Why You Should Avoid Waffle Words

The word “waffle can have bad connotations. It brings to mind a breakfast food with toppings rich in waffle topped with a pat of butter flavor and calories and the inability to decide. In British culture, it can mean that you’re rambling without saying anything meaningful. I’ve waffled over waffles, but eating these tasty, toasty, ironed creations regularly tends to expand the waistline.

You are what you eat, and your word choices reflect who you are. (Just don’t eat your words.) “Waffle words” weaken your writing; they’re timid, afraid to commit, and can make you look the same way. These are the words you should remove to strengthen your writing, and why:


1. Well — As a transitional word, it lacks substance.

Example: I’ve added more info about the new heating system we want to buy to the proposal. Well, let me know your opinion of it.
Revised: I’ve added more info about the new heating system we want to buy to the proposal. What do you think of it?

2. So — It’s one of “well”‘s cousins. If you can remove a word without affecting the overall meaning of a sentence, it’s not necessary.

Example: So, we should meet again after lunch.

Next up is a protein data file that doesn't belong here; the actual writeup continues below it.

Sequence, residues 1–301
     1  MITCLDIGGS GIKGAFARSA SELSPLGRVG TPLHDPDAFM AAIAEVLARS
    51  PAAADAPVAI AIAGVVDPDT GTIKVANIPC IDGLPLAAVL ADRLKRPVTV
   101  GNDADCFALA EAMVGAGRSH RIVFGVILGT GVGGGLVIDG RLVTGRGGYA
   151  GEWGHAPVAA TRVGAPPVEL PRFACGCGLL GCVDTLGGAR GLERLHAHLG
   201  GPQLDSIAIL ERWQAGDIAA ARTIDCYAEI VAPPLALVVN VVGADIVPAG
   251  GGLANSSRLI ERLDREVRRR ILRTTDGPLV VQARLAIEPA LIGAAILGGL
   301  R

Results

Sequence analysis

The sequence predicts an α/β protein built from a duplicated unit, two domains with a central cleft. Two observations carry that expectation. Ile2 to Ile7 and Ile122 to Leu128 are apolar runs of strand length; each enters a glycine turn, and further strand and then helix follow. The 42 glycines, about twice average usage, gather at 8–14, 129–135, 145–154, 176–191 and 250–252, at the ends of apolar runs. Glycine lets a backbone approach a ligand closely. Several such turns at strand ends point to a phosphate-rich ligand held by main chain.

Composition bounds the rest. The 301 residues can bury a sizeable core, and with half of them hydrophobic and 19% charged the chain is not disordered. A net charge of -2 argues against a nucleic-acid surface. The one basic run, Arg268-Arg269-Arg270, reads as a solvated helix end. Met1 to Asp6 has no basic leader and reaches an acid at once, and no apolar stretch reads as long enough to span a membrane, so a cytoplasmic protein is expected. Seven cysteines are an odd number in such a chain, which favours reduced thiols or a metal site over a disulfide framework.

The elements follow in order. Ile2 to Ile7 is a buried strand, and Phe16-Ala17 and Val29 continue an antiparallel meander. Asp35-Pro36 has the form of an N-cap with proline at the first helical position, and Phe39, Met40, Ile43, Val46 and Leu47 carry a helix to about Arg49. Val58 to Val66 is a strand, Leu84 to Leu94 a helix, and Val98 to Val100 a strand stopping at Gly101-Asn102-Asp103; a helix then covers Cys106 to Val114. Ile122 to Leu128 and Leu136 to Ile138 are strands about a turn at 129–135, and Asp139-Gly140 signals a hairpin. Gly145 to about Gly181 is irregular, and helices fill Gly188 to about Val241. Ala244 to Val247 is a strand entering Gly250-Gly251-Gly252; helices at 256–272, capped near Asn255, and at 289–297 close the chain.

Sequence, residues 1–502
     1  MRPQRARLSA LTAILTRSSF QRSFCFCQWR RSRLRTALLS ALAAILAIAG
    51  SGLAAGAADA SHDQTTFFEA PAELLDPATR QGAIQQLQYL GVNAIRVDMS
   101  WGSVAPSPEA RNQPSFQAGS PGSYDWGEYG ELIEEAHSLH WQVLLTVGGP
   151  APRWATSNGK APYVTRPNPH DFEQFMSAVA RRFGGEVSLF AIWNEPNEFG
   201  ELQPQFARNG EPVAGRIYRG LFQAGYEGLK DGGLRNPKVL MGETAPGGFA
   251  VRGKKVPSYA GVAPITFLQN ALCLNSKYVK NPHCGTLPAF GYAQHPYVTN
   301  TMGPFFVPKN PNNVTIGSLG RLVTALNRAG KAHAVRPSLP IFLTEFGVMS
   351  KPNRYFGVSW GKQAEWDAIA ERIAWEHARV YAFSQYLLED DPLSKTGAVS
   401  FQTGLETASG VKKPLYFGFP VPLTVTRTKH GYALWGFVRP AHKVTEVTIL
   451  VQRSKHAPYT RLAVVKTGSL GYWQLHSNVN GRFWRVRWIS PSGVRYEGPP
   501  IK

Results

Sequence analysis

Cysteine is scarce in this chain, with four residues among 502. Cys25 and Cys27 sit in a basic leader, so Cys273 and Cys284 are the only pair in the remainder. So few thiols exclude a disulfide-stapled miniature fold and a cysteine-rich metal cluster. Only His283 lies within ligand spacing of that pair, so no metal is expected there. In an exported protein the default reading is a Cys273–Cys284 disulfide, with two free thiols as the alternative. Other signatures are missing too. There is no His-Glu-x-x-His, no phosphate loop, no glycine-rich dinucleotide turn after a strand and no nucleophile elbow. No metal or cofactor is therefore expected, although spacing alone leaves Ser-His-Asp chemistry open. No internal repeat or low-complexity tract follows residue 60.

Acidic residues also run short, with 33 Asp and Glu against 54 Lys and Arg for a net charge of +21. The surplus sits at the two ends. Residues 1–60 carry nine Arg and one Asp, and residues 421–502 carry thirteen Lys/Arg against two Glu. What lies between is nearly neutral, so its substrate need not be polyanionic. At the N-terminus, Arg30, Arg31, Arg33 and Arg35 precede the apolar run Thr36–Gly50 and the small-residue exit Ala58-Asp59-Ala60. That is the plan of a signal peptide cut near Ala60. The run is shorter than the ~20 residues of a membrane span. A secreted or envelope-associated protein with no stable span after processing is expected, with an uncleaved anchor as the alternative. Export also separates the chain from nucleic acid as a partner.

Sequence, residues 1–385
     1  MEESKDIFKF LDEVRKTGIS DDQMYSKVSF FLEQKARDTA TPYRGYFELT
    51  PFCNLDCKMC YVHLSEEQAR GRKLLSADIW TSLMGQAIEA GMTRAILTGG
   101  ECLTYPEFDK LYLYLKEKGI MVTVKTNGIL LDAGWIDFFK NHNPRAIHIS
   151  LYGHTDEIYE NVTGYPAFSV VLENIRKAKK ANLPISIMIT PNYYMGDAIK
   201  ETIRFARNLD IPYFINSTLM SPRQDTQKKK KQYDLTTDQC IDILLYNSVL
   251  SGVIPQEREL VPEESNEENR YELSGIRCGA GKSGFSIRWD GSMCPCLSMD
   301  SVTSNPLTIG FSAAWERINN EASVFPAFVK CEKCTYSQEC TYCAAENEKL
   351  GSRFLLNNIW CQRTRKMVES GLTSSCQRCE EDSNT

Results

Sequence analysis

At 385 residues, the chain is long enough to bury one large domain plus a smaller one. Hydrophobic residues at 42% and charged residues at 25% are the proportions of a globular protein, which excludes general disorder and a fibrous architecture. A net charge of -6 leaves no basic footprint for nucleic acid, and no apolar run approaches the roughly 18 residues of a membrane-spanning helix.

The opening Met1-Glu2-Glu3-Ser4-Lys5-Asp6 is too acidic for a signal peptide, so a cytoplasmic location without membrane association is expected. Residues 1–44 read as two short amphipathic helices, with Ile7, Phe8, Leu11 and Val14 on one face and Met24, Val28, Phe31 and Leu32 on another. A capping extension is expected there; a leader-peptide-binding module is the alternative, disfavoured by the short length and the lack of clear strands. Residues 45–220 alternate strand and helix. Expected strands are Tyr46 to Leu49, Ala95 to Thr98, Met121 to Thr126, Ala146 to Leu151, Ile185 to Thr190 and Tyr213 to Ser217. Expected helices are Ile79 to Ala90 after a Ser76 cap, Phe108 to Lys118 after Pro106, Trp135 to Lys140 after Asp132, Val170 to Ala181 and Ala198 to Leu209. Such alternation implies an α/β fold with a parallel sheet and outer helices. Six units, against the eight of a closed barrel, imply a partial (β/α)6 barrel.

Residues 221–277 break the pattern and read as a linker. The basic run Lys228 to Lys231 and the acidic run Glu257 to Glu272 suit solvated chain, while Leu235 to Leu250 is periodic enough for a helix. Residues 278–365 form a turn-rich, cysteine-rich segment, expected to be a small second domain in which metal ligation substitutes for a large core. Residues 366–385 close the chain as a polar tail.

Revised: Let’s meet again after lunch.

3. Sorry — I’ve been guilty of overusing it; I admit I’m an apologist. Sometimes we can use it to avoid hard feelings, and lean on it like a crutch. Overuse makes you look weak.

Example: Sorry, I just don’t think getting a new water cooler is a good idea.
Revised: We can’t afford to buy a new water cooler this quarter, so I’ve decided to buy one next spring instead.

4. Maybe — If you tend to waffle, this would one of your favorite words.

Example: Maybe we can go to lunch sometime next week.
Revised: How about lunch together next Tuesday?

5. I think/I believe/I feel/I guess/I suggest…  — They often don’t add anything to sentences. I’ve used them, usually to soften a statement, and certain phrases, such as “I feel,” can work for a psychological effect, to connect with people emotionally. But, without these phrases, your sentences can pack more punch.

Example: I think we should hire an accountant to file our tax return.
Revised: We should hire an accountant to file our tax return.


What do you think? What are some more ways to strengthen your writing?

Does your writing need more weight? See how business writing coaching can help you flex your verbal skills to tone up your writing.


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